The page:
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Waiting for Change in Others

Every therapist frequently faces a difficult question from clients, either directly or implied: Under what circumstances can anyone 'trust' what seems to be change in others who have hurt, exploited, or annoyed us? It is common for people to profess change when asking for something, another chance, a date, a loan, a favor etc.. Past experience warrants skepticism, but also the 'offender' is behaving differently. It is hard not to drop some recently trialed boundaries, sometimes against gut feelings. This doesn't turn out badly in every instance, but it does frequently enough to instill cynicism.

While others may change, it is counter-productive to wait for them. Good boundaries and alternatives do not stop others from changing if they wish. Rather, boundaries and alternatives support sanity and integrity. Waiting for others to change may come from not wanting to make the responses that are clearly called for. Instead the behavior that is desired is waited for.

In a troubled or damaging relationship, the change that matters is a change in the basic goal of behavior. Tactics change when circumstances change. For instance, verbal abuse may lessen when the recipient starts limiting contact, but the goal of weakening the recipient remains. Below are several ideas about change:

Rigidity is well understood and easy to recognize. It is sometimes called 'refusing to change.' A rigid person responds the same way to many different situations. Their behavior may not be disagreeable in itself but be difficult because of the unbending and universal way it's applied. Rigid behavior stops growth and limits relationships. Though frustrating, it is not manipulative. People are most often rigid because they perceive the same basic threat constantly, and don't have confidence that they can survive any other way. From the inside rigid behavior feels like a realistic response to the situation. Pressuring a rigid stance is counterproductive.

Tactical Change refers to efforts to achieve a persistent goal, often control of some sort, by different behavior, only because the nature of the contest has changed. Tactical change is common where there is a struggle for power and control. For instance, one partner oppresses the other in a relationship, insisting on making all the decisions, verbally abusing and manipulating. The oppressed partner moves out but maintains some contact. The dominating partner becomes less authoritarian, listens more, starts spending money on the other partner, etc. The oppressed partner senses that the change in behavior is more than a thin put-on. It is, but only because different behavior is more successful in that situation. If the partner moves back in, the abuse will usually start again because it is in that context more effective at achieving what has been the goal all along: power and control.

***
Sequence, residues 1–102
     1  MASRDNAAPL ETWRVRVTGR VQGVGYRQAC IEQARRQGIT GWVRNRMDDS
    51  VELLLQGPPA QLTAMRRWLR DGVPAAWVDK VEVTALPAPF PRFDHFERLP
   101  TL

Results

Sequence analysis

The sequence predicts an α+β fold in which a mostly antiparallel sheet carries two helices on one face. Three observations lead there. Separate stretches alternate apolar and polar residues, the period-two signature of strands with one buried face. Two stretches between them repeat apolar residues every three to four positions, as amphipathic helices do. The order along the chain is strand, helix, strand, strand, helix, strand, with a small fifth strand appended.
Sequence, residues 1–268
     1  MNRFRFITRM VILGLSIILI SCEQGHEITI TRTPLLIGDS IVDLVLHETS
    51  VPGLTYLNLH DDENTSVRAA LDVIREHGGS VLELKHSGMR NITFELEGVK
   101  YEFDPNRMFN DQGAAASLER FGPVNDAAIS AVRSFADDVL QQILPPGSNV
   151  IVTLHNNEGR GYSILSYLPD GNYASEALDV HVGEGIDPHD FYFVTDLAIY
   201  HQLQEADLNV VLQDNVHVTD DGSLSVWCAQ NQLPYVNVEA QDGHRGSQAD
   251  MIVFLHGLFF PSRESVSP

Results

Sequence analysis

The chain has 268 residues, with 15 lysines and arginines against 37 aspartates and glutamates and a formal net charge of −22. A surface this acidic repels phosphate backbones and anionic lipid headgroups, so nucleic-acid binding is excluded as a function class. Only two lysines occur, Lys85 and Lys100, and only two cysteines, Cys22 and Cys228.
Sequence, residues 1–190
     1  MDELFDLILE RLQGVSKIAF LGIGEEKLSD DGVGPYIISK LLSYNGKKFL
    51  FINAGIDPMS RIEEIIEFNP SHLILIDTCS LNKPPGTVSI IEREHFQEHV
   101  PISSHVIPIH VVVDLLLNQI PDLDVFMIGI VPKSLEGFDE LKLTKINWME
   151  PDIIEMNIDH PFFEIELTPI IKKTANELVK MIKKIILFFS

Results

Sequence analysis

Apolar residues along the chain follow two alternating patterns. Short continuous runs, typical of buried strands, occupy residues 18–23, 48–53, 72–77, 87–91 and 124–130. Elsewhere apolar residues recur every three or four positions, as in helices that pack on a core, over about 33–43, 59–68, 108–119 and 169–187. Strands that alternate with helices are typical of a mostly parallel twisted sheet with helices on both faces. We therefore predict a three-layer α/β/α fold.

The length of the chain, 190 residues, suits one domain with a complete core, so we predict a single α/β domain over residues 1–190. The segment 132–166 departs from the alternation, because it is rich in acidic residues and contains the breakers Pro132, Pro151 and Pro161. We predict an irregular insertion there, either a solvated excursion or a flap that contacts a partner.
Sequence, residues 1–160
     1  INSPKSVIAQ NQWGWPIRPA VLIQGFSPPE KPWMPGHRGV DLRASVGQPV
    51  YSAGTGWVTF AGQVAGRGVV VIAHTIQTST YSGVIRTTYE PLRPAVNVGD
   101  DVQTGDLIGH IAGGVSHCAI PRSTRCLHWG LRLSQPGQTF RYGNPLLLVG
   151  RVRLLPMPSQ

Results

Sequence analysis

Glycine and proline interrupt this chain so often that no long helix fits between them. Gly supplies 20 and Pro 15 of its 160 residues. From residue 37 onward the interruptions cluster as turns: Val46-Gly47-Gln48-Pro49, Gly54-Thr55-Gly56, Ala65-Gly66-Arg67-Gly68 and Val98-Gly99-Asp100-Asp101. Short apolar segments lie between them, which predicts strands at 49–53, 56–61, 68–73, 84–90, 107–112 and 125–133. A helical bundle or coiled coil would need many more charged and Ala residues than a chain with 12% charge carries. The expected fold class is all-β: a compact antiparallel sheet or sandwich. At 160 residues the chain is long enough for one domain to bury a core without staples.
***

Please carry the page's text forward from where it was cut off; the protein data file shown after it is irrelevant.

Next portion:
Superficial Change is also easily recognized since it is usually a visibly half-hearted attempt to please the other. Because the goal remains the same, it cannot not last. Sometimes superficial change is presented as the 'start of change', with the implied demand that this other person be allowed back in our lives now. Remember any urgency is usually a sign of an attempt to control. Also remember that while real change may start small, it starts with a change in goal.

Cyclical Change is often prominent in abuse and addictions, but most relationships develop some repeating patterns. As feelings of insecurity or shame grow in one person certain problem behaviors develop. Those in relationship with the person tend to adjust their behavior to maintain stability, but tension increases. At some point a crisis or explosion occurs which is disorienting and consumes everyone's attention for a time, and tension falls. A period of lower tension follows. It may be thought that problems are finally "behind us." But inexorably tension begins to build again. Different family or group members may take turns driving the cycle, and the crisis may vary. It may not appear that any cycle is occurring, only a lot of "bad luck," interspersed with hopeful times. Behavior can be plausibly seen in the short-run as a realistic response to events. The goal is usually to escape a pervasive feeling of shame. Feelings of “deja-vu” may indicate cyclical change

Authentic Change is evidenced not just by persistence over many weeks and months and many opportunities but also by an essential change in the relationship goal.. For instance, a man or woman trying to keep his marriage stable (really prevent abandonment) may for a long time persist in controlling behaviors that actually alienate his partner more. If he learns a new way living in that situation, his goal no longer will be to control and limit his partner, which may much more effectively achieve his personal goal of not being alone. Likewise for over-accommodating behavior. To achieve authentic change, a person must accept responsibility for his or her behavior and the consequences.